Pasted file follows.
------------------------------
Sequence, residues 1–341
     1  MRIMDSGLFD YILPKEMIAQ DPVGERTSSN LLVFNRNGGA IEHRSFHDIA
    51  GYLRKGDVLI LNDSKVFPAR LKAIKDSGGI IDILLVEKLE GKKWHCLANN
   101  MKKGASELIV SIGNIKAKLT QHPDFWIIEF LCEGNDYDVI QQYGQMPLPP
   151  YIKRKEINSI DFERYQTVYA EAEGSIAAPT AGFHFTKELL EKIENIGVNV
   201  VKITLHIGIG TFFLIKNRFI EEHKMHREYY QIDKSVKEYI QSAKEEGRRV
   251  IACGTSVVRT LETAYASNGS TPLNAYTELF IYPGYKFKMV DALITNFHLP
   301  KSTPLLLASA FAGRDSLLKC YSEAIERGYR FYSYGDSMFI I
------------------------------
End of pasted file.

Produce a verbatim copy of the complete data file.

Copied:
Sequence, residues 1–341
     1  MRIMDSGLFD YILPKEMIAQ DPVGERTSSN LLVFNRNGGA IEHRSFHDIA
    51  GYLRKGDVLI LNDSKVFPAR LKAIKDSGGI IDILLVEKLE GKKWHCLANN
   101  MKKGASELIV SIGNIKAKLT QHPDFWIIEF LCEGNDYDVI QQYGQMPLPP
   151  YIKRKEINSI DFERYQTVYA EAEGSIAAPT AGFHFTKELL EKIENIGVNV
   201  VKITLHIGIG TFFLIKNRFI EEHKMHREYY QIDKSVKEYI QSAKEEGRRV
   251  IACGTSVVRT LETAYASNGS TPLNAYTELF IYPGYKFKMV DALITNFHLP
   301  KSTPLLLASA FAGRDSLLKC YSEAIERGYR FYSYGDSMFI I